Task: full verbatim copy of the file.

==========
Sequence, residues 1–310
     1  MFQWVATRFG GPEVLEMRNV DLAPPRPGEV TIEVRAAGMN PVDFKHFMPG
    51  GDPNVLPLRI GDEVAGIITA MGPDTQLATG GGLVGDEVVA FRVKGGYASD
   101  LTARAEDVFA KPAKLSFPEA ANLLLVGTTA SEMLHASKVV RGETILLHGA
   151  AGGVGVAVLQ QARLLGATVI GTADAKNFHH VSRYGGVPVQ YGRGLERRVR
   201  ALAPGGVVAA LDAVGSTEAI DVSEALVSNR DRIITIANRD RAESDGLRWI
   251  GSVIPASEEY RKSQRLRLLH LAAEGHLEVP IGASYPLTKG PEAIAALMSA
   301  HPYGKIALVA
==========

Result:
Sequence, residues 1–310
     1  MFQWVATRFG GPEVLEMRNV DLAPPRPGEV TIEVRAAGMN PVDFKHFMPG
    51  GDPNVLPLRI GDEVAGIITA MGPDTQLATG GGLVGDEVVA FRVKGGYASD
   101  LTARAEDVFA KPAKLSFPEA ANLLLVGTTA SEMLHASKVV RGETILLHGA
   151  AGGVGVAVLQ QARLLGATVI GTADAKNFHH VSRYGGVPVQ YGRGLERRVR
   201  ALAPGGVVAA LDAVGSTEAI DVSEALVSNR DRIITIANRD RAESDGLRWI
   251  GSVIPASEEY RKSQRLRLLH LAAEGHLEVP IGASYPLTKG PEAIAALMSA
   301  HPYGKIALVA